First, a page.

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Press release from the N.C. Department of Environment:
RALEIGH – Duke Energy officials have identified 830 private and public drinking water supply wells near the company’s 32 coal ash storage ponds in North Carolina, according to an initial survey the N.C. Department of Environment and Natural Resources released on Friday.
Duke Energy conducted the survey to meet a requirement of the Coal Ash Management Act, which recently became state law.
“Making sure that clean drinking water is available to all North Carolinians is the most important job we do,” said Tom Reeder, director of the N.C. Division of Water Resources. “The drinking water well surveys and associated testing help to protect the health of our citizens and their communities.”
The Coal Ash Management Act required Duke Energy to survey all drinking water supply wells that are within a half mile and down-gradient of the established compliance boundary for the state’s 32 coal ash impoundments. Since the direction of groundwater flow has not been fully established in each case, DENR required Duke Energy to include all potential drinking water receptors within a half mile of the compliance boundaries in all directions.
The survey identifies the known public and private drinking water supply wells, recorded private water supply wells, and those households where a private water supply well is assumed to exist but has not yet been verified. The number of identified wells within a half mile of the compliance boundary varies greatly from one facility to the next. The Allen Steam Station in Gaston County, for instance, has the largest number with 201 wells identified or assumed to exist. The Dan River Steam Station in Eden, the site of the Feb. 2 coal ash spill, has the fewest number of wells with only two within a half mile radius of the compliance boundary.
The receptor survey for each of Duke Energy’s 14 facilities is available on the state Division of Water Resources’ website at: http://portal.ncdenr.org/web/wq/drinking-water-receptor-surveys.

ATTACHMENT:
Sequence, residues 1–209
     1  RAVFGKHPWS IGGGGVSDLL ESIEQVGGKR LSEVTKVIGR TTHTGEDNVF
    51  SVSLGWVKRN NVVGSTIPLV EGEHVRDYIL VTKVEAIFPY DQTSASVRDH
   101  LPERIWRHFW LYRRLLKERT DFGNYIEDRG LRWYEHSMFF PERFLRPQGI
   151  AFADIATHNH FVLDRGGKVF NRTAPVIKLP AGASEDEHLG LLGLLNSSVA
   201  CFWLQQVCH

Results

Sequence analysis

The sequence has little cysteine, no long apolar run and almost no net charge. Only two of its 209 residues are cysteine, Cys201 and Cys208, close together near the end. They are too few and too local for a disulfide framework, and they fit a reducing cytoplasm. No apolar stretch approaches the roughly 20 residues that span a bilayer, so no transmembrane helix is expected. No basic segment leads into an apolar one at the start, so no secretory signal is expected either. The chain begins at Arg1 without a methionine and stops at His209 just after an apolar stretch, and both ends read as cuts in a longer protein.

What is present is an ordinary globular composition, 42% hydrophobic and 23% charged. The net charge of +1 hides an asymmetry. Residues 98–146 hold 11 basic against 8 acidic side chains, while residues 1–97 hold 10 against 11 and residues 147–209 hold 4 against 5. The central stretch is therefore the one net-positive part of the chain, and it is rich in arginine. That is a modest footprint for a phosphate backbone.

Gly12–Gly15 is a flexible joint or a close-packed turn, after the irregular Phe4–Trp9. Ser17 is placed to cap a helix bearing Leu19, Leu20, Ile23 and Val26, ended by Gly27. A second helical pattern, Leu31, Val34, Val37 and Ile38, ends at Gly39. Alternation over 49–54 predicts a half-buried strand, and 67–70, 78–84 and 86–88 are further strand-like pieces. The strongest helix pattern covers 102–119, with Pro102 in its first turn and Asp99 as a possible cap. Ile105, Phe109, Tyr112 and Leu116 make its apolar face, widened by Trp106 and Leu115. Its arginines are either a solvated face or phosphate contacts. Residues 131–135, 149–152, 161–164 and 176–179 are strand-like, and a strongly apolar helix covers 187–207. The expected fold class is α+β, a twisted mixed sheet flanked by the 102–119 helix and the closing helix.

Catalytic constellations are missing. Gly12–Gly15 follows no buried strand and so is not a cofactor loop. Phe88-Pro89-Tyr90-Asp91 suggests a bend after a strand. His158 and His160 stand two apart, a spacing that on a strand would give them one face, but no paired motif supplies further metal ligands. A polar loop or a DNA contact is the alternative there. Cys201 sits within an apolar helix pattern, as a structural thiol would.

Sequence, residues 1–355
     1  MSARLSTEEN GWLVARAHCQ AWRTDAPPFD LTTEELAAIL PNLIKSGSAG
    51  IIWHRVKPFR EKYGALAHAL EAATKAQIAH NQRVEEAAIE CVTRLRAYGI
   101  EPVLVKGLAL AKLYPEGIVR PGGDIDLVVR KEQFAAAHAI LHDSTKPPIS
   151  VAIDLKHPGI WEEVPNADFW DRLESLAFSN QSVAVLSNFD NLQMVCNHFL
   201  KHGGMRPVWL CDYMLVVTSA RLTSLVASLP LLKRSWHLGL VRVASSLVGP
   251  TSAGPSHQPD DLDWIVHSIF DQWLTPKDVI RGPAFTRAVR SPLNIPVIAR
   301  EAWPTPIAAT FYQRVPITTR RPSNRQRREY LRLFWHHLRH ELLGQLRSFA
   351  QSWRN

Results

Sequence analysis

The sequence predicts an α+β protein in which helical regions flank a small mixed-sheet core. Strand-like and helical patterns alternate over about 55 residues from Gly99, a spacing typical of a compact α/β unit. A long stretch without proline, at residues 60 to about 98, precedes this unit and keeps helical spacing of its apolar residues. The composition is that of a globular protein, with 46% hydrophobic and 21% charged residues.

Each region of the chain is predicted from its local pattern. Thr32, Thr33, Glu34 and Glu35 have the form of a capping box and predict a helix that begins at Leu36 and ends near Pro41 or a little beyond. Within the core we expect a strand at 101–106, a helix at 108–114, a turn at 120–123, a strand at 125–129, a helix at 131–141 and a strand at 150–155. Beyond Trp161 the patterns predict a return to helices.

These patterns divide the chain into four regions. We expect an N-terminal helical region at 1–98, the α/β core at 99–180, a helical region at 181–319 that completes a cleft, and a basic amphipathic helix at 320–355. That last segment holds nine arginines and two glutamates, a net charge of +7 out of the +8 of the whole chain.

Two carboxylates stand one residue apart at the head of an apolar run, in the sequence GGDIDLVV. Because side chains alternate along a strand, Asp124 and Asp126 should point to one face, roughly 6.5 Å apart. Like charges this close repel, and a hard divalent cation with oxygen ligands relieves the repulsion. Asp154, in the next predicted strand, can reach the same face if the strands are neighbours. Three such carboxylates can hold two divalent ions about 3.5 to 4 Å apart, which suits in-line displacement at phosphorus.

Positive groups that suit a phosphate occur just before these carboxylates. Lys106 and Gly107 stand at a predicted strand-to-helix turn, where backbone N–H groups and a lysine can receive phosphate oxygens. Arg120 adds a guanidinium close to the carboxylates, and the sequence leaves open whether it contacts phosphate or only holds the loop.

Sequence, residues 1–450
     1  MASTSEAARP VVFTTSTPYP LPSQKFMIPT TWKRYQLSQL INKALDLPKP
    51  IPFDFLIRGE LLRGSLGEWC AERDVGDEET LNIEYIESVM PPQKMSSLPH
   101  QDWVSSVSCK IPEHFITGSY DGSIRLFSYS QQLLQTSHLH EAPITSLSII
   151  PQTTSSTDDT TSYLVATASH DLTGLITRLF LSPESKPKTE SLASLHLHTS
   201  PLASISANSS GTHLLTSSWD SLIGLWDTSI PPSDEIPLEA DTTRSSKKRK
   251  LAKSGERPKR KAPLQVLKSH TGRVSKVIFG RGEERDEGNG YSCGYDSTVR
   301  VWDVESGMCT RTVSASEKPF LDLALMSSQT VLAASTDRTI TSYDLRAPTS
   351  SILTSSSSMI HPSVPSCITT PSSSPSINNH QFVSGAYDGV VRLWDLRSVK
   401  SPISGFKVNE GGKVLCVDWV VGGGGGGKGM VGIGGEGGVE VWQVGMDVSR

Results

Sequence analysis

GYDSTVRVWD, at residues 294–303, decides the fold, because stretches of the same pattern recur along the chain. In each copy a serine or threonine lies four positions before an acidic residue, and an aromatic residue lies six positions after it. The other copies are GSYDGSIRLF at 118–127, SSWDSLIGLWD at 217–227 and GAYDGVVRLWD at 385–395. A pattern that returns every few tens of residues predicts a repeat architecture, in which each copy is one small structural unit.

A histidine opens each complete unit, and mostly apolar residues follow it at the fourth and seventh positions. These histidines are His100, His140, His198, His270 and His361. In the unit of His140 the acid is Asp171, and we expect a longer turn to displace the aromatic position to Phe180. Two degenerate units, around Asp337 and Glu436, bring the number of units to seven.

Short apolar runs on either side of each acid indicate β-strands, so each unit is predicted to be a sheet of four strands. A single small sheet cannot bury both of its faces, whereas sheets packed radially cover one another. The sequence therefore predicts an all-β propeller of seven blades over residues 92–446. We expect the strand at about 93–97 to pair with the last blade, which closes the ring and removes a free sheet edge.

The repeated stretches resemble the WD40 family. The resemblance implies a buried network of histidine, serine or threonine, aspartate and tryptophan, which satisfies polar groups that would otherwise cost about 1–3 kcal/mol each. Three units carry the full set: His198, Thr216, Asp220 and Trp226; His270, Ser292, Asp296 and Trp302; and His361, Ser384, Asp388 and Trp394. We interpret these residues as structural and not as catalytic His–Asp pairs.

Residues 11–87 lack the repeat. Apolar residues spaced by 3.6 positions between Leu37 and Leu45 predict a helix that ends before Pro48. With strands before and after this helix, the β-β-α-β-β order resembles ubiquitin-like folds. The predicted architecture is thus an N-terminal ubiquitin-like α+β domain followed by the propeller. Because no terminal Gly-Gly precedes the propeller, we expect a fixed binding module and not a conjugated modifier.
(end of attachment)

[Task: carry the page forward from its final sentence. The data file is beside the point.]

DENR staff members are reviewing the surveys to determine which wells should be sampled first, and how frequently and how long sampling should continue. The determination will be completed based on the hydrologic potential for impacts to the drinking water wells. The sampling plan can be amended as additional information is gathered about the flow of groundwater and the extent of any detected contamination. While the law requires Duke Energy to be responsible for the sampling, property owners can choose independent, third-parties to conduct the sampling and analysis. The third-party must be selected from a laboratory certified by DENR. Duke Energy is required to pay the reasonable costs of sampling conducted by third parties hired by individual property owners.
If well water sampling and analysis indicates that water from a drinking water supply well exceeds groundwater standards for constituents associated with the presence of the coal ash impoundment, Duke Energy would be required to supply an alternative source of safe drinking water within 24 hours and an alternative source of water safe for other household uses within 30 days. For instance, DENR required Duke Energy in October 2013 to provide alternative water to a home near the company’s Asheville coal ash ponds after tests revealed the home’s private well contained unsafe levels of contamination.
The department is also evaluating the draft groundwater assessment plans Duke Energy submitted last month. Those assessment plans are aimed at identifying the location, length, breadth and depth of any contamination extending beyond each facility’s compliance boundaries. The plans are on the Division of Water Resources website at: http://portal.ncdenr.org/web/wq//coal_ash_gw_assessment_plans.
Information on the Asheville, Rutherford plants
Click on the image to view a full-size map locating possible and confirmed drinking water supplies surrounding Duke’s Asheville plant.